Honda officially released the 2011 CRF450R to the press this week at Jeremy McGrath’s ranch near Alpine, California. The details have been out for a few weeks, and as expected, the changes aren’t earth shattering. But this isn’t a 2010 carry-over, either. Honda targeted several of the 450’s sore points and succeeded in getting a good return for the effort in this age of lean R&D budgets.
This is the third model year for the injected CRF, which hit the market in a cloud of controversy in 2009. That model replaced a bike that was legendary in motocross circles, and it wasn’t universally well received. The EFI version of the Honda had four major areas that many riders considered weak points: it had knifey cornering manners, it had a weak clutch, the power was abrupt at the very bottom and the suspension wasn’t strong. Honda addressed some of that in 2010 with suspension and EFI changes. With fairly lengthy production lead time, those changes had to be underway even as the first 2009 models were hitting the dealers. So the 2011 version more accurately reflects Honda’s response to the initial criticism of the new machine.
Topping the list of changes is new suspension linkage that is intended to lower and calm down the rear end. Both the shock and the fork have been revalved to work with the new linkage. The bike still uses the Honda Progressive Steering Damper System, which is a small damper behind the front number plate, but the damper has been revised with a much larger piston, so that the bike can have more damping effect when the front end is turned farther from center. The EFI system was remapped and hooked into a smaller, 46mm throttle body. That interlaces with a new 94 dB muffler that has a smaller core to significantly change the bike’s power delivery. It’s interesting that virtually all the Japanese manufacturers produced quieter mufflers this year. The Honda’s new muffler is no larger than that of the previous model, which might well increase the CRF450R’s weight advantage in its class. We haven’t had a chance to weigh our test bike yet, but we expect it to come in about the same as last year’s bike, at 228 pounds without fuel. That’s over 10 pounds lighter than anything else in the 450 class.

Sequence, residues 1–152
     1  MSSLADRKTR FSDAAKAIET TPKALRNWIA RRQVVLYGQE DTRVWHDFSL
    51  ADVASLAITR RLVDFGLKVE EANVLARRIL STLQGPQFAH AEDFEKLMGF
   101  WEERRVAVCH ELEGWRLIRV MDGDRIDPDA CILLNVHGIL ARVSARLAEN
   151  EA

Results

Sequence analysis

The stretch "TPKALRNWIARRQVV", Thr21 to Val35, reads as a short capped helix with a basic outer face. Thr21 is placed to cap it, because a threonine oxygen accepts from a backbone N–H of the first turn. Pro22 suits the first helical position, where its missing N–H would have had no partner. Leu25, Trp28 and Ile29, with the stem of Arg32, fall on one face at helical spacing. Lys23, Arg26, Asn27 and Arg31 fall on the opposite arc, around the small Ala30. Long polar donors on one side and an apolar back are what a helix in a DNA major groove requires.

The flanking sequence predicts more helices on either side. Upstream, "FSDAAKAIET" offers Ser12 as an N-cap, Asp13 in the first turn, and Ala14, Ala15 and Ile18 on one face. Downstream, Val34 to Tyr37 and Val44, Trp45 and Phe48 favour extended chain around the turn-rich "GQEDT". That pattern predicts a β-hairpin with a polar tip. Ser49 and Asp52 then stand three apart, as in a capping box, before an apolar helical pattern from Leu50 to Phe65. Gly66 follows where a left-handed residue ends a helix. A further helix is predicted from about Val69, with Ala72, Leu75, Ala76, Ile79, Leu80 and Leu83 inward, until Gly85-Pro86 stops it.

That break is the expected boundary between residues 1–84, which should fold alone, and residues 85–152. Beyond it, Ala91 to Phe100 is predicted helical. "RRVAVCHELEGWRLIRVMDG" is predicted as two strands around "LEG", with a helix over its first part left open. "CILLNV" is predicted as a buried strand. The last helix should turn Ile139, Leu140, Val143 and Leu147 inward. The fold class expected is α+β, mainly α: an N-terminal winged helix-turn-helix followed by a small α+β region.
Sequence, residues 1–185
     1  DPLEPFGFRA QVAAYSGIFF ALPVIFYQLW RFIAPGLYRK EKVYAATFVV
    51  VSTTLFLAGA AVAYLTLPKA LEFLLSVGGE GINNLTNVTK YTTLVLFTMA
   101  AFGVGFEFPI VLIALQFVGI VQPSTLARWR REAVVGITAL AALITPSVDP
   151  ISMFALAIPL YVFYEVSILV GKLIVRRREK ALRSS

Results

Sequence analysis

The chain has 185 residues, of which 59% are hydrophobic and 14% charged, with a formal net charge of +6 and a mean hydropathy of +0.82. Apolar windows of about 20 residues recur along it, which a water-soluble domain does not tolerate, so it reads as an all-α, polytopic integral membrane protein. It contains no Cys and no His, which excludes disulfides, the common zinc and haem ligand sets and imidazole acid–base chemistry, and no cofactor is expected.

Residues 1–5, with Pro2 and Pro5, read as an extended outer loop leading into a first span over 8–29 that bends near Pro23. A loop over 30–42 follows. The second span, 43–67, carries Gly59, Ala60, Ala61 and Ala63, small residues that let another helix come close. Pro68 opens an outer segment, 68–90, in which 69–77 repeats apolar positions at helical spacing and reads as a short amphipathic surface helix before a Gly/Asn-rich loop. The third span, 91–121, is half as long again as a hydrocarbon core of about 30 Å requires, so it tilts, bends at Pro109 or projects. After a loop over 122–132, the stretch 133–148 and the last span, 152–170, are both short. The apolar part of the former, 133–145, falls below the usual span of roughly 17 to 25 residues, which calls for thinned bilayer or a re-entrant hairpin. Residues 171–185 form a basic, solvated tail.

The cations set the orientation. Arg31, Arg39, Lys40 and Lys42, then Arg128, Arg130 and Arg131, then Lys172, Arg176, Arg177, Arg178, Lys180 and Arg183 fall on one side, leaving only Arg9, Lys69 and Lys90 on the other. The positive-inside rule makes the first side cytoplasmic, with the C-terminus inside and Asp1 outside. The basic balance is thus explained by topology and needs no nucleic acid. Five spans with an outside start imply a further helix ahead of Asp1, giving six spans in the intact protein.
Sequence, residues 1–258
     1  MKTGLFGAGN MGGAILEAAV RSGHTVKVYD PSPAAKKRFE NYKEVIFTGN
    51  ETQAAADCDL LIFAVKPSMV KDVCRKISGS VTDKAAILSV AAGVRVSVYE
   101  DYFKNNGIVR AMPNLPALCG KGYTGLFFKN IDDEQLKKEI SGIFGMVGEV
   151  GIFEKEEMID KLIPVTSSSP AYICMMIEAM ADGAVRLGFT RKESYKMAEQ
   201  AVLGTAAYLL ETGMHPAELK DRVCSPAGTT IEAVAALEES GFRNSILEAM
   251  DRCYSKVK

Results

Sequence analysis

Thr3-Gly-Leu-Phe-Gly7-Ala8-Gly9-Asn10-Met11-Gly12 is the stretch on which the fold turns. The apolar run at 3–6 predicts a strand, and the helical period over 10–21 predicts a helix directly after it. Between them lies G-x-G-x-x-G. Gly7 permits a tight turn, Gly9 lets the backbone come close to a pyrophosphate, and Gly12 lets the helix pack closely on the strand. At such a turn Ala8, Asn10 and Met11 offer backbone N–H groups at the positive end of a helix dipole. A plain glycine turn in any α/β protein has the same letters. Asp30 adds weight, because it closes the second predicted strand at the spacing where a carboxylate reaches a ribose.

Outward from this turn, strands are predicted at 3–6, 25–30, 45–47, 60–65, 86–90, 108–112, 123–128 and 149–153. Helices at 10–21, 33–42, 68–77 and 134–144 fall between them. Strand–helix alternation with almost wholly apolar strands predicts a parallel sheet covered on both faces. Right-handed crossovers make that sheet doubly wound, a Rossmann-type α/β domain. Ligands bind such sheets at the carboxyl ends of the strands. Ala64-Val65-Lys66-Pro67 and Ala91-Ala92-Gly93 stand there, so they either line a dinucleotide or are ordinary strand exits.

On the track the Honda still feels very light. It’s easy to toss around, just like it has been since the redesign. That’s never been an issue. As for the rest of the bike, we’re encouraged by the changes. The motor start easily (that was addressed in 2010) and now the on-or-off nature of the power down low is much improved. We will say that the muffler might have taken a slight toll in low-end power, but we’re okay with that. Horsepower was never in short supply, and the new powerband is soft, smooth and very controllable off the bottom. When you twist the throttle a little harder, it gets into a healthy mid-range and top quickly.
The big question, of course, is all about the handling. Our riding impressions come from one day on McGrath’s personal track, which was ultra smooth for our visit, but we still have a good feel for the new machine. If you loved the previous Honda, you’ll be happy. If you hated it, you’ll be less unhappy. The bike’s cornering manners have definitely been slowed down. But it is still the same basic machine. We’re anxious to get it on a rough test track where we can play with the suspension and see how much adjustment it offers. So far the changes are in the right direction.
Other changes are small but welcome. The fuel filter within the tank is easier to replace now. It was one of the most common causes for failure in the previous model. Honda. Unfortunately the clutch is still unchanged. It still has a mushy engagement and often drags when you think it’s fully disengaged. They have to leave something for next year.
As we get more seat time on the bike, we’ll report on our findings. Stay tuned.
Adam Booth shows disrespect for one of Jeremy McGrath's berms on the new CRF.
You have to know what you're looking at to realize this is a 2011 model.